Fresh food is often a target for traffickers, who believe customs officials will not seek to hold up perishable goods for long periods of time to search through them. Traffickers exploit the cultural links between the country of origin and the country of destination. Crime networks from Latin America and Lusophone Africa smuggle their shipments into marine containers heading to Spain and Portugal. Illicit goods from Guadeloupe and Martinique often find their way to France.
According to Europol, traffickers systematically recruit corrupt border guards and other workers at all major ports and border checkpoints in the E.U. In order to minimise the risk of detection, some go as far as to create seemingly legitimate freight transport companies to smuggle cocaine, heroin, synthetic drugs and contraband goods across Europe.
Sophisticated technology hacks mean that logistics companies risk becoming unwittingly involved in serious crime. Workers at the Belgian port of Antwerp had no idea that their location system had been hacked until entire containers started to disappear in 2013. It later transpired that a Dutch organised crime syndicate had been hiding drugs, guns and cash in legal shipments over a two-year period.
Hackers had changed driver credentials and schedules so organised crime gangs could arrange for their own drivers to smuggle the illicit goods out of the port in accredited lorries. One lorry driver with no links to the gang accidentally drove off in a container filled with cocaine and narrowly escaped being shot dead.
Port authorities and logistics companies cannot eliminate the risk of organised crime infiltrating their containers, ships and lorries. However, businesses, particularly large conglomerates with global supply chains, should reduce the risk of smuggling as much as possible in order to avoid reputational damage. While companies cannot control the screening processes of customs officials and port workers, they can conduct extensive due diligence of their logistics contractors or, if in-house, thoroughly vet employees. Where possible, firms can also limit their operations to ports that have implemented the International Ship and Port Facility Security (ISPS) Code.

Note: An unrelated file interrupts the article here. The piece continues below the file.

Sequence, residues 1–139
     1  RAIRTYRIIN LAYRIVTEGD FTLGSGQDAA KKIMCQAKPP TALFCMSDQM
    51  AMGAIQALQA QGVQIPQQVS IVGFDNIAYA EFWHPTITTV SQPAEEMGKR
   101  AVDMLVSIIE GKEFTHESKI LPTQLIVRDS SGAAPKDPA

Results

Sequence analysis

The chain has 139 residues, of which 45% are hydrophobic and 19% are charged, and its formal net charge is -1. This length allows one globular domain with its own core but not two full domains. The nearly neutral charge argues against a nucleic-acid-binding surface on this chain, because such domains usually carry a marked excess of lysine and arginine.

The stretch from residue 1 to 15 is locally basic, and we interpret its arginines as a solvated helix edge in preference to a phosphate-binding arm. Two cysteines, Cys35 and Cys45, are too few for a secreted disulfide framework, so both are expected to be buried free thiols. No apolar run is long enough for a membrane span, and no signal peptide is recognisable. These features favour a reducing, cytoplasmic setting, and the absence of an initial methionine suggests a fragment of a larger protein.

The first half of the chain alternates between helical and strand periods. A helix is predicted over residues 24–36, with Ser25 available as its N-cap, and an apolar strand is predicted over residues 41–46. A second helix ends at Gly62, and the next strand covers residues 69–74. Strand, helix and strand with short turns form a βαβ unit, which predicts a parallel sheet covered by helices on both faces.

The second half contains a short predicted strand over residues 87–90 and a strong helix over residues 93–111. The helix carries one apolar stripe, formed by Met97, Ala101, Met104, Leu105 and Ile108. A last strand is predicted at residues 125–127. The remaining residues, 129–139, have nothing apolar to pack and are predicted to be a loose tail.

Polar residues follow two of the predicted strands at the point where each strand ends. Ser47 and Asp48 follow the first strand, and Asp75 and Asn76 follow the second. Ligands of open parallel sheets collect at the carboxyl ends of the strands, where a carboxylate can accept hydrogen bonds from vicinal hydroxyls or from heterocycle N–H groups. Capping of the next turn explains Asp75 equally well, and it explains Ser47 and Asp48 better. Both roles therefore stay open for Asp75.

Some global food producers have signed memoranda with high-risk countries; for example, Nestlé has signed several agreements with countries including Lebanon, Egypt and Jordan relating to the smuggling of contraband and counterfeit goods.
At the same time, efforts are being made at the transnational level to combat drug and contraband smuggling. The E.U. implemented the Drugs Strategy in 2013 in order to reduce the supply of drugs across the bloc. One strand of the strategy is the disruption of trafficking routes, but criminals are increasingly diversifying their routes and changing their strategies more frequently. Further, the migrant crisis has stretched the resources of border authorities more than ever before, allowing organised crime groups to move larger quantities of illegal goods – and humans – over land and sea borders.
The UNODC and World Customs Organization launched an inter-agency Container Control Programme (CCP) in 2003, with notable success. In 2014, the CCP seized almost 20,000kg of cocaine, more than 460kg of heroin and 29 million cigarettes. However, its focus is not on Europe, and food companies in the public eye should consider how to take appropriate measures themselves.